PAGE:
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Gwinnett exhibit offers a global view of homes
The “Your House, My House” exhibit at the Gwinnett County Government Environmental and Heritage Center seeks to give families a broader perspective about what makes a house a home, such as this replica m’bure from the tropics of Fiji. Upon arriving, visitors can select from a map which homes to tour. - photo by BRANDEE A. THOMAS

‘Your house, my house'

When: 9 a.m. to 4 p.m. Monday through Friday, through April 16
Where: Gwinnett County Government Environmental and Heritage Center 2020 Clean Water Dr., Buford
Cost: Admission to the center ranges from $3.50 to $10.50. Children 2 years old and younger are admitted free, as are the center's members. Membership is open to everyone, not just Gwinnett County residents.
More info: 770-904-3500, or click here.

More than likely, you refer to that place where you retire at the end of the day as your home.

However, if you lived in Mongolia, you might call it a "ger," or a "m'bure if you lived in Fiji.

The new "Your House, My House" exhibit at the Gwinnett County Government Environmental and Heritage Center seeks to give families a broader perspective about what makes a house a home.

"It's a very educational, very fun, very interactive exhibit," said Jason West, the center's director of development.

"It showcases three model homes from three different countries."

One of the homes on display is the Mongolian ger.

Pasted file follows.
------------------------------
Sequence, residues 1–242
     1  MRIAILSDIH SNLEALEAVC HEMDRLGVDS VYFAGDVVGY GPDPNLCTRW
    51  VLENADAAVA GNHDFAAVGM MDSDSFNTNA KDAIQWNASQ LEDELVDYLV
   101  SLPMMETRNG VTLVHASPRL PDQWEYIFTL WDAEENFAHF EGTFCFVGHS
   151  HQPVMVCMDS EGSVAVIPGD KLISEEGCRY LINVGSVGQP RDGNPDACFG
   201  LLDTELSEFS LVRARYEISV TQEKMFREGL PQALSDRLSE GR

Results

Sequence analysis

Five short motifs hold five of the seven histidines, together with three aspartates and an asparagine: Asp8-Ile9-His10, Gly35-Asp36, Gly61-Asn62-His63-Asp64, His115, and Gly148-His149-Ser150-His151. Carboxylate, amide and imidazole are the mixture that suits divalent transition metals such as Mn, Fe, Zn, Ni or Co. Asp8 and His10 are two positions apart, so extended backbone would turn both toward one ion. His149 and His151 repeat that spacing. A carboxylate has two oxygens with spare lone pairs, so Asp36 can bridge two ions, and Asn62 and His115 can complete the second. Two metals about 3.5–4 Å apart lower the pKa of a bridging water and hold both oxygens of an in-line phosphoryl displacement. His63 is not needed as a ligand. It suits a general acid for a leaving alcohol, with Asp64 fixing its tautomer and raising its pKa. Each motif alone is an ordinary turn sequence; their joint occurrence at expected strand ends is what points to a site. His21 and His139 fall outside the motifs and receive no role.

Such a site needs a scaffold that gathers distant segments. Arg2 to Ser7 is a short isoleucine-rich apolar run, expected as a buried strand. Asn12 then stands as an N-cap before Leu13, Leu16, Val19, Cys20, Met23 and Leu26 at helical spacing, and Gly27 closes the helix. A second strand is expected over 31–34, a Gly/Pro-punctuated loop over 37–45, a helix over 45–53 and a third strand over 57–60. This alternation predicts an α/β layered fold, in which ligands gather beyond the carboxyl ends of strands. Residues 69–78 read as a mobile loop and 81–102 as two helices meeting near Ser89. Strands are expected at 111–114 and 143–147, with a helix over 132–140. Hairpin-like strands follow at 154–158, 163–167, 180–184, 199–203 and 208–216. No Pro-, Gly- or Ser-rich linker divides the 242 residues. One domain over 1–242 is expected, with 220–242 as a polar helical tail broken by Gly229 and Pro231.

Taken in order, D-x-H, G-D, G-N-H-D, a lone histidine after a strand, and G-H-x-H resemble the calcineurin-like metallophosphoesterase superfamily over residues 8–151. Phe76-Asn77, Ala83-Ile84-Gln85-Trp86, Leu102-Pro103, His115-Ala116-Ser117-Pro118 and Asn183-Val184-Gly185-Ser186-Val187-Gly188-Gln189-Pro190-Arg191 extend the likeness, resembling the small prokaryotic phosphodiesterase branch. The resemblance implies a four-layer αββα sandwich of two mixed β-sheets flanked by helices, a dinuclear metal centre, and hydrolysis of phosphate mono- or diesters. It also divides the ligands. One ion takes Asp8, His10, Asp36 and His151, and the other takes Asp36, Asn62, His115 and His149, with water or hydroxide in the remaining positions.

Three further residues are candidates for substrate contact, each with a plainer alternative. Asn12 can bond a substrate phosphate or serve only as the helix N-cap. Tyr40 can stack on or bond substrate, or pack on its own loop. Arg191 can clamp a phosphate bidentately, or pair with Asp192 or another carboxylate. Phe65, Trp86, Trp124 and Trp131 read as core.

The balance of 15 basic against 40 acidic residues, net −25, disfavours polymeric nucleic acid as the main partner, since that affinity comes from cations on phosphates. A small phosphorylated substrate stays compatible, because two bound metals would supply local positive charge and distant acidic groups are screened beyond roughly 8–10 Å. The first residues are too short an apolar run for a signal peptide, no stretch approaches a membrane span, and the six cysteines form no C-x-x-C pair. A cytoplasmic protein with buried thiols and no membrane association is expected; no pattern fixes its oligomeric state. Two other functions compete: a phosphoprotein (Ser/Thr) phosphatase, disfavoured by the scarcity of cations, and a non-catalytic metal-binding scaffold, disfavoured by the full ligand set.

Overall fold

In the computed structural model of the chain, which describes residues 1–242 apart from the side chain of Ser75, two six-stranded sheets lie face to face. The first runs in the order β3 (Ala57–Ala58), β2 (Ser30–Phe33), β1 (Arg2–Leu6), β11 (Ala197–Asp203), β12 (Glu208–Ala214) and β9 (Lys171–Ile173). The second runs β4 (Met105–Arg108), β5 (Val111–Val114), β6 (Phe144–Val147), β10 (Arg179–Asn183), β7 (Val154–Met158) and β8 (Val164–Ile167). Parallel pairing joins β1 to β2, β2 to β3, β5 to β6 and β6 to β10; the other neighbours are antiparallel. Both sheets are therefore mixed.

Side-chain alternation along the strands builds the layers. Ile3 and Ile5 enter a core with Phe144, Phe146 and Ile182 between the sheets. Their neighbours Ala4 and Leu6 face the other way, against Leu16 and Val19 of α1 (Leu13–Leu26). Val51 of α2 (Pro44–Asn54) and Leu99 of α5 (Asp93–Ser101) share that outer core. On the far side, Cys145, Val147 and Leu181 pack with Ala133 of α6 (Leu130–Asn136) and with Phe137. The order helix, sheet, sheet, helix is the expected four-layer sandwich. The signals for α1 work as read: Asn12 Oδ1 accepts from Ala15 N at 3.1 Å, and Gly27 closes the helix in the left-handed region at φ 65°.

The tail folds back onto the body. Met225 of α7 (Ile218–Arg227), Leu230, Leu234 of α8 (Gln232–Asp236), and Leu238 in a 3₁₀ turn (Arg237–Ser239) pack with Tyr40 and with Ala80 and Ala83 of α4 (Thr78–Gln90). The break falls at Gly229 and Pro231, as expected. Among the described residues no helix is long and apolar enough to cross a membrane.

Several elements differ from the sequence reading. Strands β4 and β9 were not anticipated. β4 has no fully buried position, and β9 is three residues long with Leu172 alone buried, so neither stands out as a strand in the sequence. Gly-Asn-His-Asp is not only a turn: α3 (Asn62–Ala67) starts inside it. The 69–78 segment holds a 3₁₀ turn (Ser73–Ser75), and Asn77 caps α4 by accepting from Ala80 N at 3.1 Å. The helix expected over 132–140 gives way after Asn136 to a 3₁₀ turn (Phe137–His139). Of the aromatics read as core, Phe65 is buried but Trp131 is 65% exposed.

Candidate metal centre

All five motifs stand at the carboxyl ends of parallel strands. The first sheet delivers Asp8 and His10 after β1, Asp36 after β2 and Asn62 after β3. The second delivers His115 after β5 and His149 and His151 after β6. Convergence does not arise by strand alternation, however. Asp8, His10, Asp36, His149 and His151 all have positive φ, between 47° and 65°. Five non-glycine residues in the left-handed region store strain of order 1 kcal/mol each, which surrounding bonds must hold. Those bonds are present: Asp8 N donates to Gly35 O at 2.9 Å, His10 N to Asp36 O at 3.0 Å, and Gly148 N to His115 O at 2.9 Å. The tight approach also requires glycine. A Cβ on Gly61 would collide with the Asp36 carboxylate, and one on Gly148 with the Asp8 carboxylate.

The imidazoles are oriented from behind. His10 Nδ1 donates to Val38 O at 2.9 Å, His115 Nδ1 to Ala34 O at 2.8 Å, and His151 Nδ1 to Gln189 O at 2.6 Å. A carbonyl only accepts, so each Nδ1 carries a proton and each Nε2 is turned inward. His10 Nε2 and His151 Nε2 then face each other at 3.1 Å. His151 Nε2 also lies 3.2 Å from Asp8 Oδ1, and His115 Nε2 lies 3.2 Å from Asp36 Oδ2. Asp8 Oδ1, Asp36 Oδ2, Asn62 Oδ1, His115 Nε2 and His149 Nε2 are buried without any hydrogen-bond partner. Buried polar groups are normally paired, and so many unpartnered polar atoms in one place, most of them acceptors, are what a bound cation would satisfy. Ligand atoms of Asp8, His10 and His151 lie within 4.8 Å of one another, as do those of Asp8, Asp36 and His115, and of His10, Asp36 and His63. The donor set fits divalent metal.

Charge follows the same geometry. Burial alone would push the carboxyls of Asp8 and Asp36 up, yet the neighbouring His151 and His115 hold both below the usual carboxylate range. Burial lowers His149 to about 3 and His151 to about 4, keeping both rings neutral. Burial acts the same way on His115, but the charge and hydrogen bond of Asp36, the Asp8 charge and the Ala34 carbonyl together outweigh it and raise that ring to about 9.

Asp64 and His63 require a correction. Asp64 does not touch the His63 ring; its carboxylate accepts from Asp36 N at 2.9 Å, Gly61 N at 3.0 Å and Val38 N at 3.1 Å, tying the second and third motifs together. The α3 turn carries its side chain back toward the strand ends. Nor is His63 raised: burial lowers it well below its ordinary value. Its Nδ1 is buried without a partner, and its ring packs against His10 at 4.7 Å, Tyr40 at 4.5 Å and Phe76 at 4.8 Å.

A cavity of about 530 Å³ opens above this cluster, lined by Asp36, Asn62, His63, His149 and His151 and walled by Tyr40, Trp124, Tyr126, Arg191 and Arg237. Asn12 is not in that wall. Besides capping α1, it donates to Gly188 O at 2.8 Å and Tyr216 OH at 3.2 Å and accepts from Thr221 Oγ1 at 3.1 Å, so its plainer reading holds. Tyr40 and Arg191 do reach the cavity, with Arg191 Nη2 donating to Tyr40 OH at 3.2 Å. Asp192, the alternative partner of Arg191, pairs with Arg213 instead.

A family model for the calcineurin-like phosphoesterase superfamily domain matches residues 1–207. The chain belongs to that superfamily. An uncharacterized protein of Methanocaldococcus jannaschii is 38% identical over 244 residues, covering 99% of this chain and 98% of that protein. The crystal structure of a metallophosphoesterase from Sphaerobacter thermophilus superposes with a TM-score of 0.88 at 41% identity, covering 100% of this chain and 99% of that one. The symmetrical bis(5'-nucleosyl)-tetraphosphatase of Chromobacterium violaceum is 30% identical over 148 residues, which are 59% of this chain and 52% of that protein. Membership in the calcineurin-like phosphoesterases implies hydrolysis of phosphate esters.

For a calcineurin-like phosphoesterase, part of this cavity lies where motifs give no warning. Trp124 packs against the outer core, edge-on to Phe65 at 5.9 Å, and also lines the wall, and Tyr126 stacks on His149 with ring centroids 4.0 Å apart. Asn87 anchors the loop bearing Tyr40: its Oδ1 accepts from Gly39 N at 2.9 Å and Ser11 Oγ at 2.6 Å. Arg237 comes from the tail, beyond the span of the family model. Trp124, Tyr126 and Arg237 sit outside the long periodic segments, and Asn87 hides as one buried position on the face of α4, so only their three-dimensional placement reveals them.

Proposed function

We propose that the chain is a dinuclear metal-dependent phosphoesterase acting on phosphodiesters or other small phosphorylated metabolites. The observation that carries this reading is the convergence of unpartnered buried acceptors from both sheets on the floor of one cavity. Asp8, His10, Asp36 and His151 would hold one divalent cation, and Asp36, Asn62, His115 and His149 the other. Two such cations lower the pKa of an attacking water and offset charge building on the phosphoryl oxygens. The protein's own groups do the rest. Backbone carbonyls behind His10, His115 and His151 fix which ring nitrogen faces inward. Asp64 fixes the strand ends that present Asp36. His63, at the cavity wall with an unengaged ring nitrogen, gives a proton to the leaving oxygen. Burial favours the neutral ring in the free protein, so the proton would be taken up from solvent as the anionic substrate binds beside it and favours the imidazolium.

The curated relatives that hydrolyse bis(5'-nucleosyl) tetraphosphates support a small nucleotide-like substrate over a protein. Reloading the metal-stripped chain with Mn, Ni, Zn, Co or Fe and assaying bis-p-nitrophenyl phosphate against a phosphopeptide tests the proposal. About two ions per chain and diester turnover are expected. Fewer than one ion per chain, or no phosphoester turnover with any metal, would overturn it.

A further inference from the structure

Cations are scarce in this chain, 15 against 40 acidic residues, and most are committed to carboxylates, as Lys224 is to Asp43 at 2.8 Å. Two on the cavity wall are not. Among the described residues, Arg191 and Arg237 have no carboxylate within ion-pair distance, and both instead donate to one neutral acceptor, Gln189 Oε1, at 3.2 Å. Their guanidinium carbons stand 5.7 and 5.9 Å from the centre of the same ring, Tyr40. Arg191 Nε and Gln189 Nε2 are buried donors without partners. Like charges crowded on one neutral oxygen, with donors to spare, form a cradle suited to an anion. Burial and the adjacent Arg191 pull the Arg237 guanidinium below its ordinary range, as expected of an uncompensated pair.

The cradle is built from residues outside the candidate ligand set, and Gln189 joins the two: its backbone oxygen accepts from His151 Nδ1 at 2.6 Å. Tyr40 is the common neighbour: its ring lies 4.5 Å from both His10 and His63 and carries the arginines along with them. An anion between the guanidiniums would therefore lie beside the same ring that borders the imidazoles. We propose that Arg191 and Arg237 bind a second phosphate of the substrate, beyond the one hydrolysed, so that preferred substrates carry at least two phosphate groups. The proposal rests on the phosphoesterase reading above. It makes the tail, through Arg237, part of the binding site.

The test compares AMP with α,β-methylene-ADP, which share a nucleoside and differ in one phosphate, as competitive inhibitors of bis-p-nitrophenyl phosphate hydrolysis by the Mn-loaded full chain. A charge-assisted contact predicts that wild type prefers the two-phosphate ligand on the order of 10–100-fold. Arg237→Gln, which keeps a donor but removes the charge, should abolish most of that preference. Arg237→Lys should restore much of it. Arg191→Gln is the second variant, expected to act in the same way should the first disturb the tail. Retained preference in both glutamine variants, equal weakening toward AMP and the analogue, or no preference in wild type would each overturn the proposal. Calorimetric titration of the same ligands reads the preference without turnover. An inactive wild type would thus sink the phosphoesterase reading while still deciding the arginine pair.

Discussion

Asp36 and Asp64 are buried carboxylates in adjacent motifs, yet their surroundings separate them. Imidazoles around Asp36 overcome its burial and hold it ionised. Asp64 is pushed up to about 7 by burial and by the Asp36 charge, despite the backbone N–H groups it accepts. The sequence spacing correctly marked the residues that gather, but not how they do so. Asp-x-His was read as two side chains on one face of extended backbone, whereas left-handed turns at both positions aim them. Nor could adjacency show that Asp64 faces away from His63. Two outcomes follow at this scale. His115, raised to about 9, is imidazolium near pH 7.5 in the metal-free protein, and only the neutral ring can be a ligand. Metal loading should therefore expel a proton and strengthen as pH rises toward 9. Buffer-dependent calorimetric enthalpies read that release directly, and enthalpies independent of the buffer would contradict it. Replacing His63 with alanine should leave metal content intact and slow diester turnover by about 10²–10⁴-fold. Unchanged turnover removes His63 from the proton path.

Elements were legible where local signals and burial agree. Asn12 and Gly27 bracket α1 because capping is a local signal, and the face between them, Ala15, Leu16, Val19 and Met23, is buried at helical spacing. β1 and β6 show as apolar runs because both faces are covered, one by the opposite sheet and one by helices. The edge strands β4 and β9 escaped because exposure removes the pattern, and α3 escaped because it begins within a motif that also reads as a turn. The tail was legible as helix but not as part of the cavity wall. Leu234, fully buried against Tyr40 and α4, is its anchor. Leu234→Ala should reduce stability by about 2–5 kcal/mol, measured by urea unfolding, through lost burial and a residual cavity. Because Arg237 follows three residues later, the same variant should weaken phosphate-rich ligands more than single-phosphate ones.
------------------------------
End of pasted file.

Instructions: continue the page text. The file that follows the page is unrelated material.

"A lot of the people in the Mongolian culture are herders, so they are constantly moving their animals from place to place. They have to be able to pack up their home and move it to the next location," West said.

In addition to a life-sized version that families can walk inside and get an idea of what life is like for these nomadic families, kids can also try their hand at deconstructing their own ger.

"We have a smaller version that kids can take apart and practice packing it up and putting it on a camel's back for relocating," West said.

"This helps a younger person understand that whereas their house is going to be there, this house comes apart easily and can be moved."

Inside the larger ger, visitors also get a chance to see examples of instruments, tools and other items that a real Mongolian family would have.

Inside the m'bure, a woven home from Fiji, visitors get the opportunity to not only try out weaving themselves, they also can compare the home to others on display.

"Although the ger has a stove inside for cooking, there is no kitchen in this house," West said.

"We discovered that this culture would build a (fire) pit outside, put whole pieces of meat on it, cover it with banana leaves and do their cooking that way."

In addition to observing cultures' architecture, visitors have the opportunity to build their own log cabin, draw their dream home on paper at a drafting table, or use mini-bricks to construct a dwelling.

They can also create a computer-generated home.

On certain days, the center hosts special presentations that help visitors get an even better idea about what daily life is like in different parts of the world.

For instance, from 10 a.m. to 3 p.m. Saturday, visitors will have an opportunity to learn more about the life of Mongol shepherds during the "Mongolia: A Slice of the Steppes" presentation. In addition to a unique, winter hike there will also be special Mongolian craft projects for children.

The cost of the Mongolian experience is included in the general admission to the center, which includes admission to all of the exhibits. 

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